Though the road to success isn’t always cookie dough wishes and bubblegum dreams. It’s tough work and can require leaving at 4 a.m. to book it to the city for auditions, freshening up in Dunkin’ Donut bathrooms, long hours (the first Martha Stewart Living booking took three hours just to photograph her hands), living in New Jersey in the summer and often not hearing the desired, “yes, you got the job!” “It’s really frustrating. I’ve heard no-no-no-no-no so many times that you get used to it, but I keep telling myself don’t give up; it’s hard,” Joely said, recalling a Juicy Couture go-see where she was told on the spot that she was too big for the clothing.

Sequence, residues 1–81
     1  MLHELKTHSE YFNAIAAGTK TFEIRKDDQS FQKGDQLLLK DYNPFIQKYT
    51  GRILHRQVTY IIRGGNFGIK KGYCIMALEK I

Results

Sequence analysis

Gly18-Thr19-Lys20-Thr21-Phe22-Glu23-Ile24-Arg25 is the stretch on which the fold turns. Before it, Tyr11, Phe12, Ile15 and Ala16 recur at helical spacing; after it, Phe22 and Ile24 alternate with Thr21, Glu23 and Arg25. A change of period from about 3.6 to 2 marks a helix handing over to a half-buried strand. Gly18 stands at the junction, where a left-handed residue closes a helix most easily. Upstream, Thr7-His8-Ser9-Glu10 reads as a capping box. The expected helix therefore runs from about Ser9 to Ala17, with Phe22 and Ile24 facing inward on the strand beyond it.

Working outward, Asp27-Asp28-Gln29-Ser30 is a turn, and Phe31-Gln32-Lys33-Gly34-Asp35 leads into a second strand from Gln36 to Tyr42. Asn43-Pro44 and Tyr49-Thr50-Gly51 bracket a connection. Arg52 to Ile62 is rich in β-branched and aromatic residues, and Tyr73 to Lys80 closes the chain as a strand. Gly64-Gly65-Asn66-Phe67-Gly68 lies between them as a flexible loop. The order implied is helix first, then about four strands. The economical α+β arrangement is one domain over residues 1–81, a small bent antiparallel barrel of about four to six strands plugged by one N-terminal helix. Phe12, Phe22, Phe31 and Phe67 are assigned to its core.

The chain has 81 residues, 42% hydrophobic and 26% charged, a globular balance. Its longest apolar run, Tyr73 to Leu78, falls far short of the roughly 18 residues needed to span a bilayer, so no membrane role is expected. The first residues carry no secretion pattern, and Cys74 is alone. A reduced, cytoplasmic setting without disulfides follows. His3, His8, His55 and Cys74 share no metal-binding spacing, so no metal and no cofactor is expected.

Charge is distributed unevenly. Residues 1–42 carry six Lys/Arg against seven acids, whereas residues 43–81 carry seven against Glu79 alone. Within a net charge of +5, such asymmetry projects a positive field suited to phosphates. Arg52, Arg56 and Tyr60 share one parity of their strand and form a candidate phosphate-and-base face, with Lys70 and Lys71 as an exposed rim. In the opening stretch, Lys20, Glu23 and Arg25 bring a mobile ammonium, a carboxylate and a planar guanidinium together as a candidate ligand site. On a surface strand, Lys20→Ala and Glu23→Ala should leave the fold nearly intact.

But Joely is aware that this is all part of the business, and her drive to make it keeps her focused, even if that means saying goodbye to New York State one day. “I’ve always wanted to live in L.A.,” she said. “It’s scary thinking about leaving school and friends. But I guess moving isn’t the end of the world if it’s doing what I love then I’m going to have to make sacrifices. I want to be famous. I want to be really humble, but I want people to be wanting me, like, ‘Joely Live, OMG, that’s Joely Live, she’s walking down the street, that’s her, OMG!’”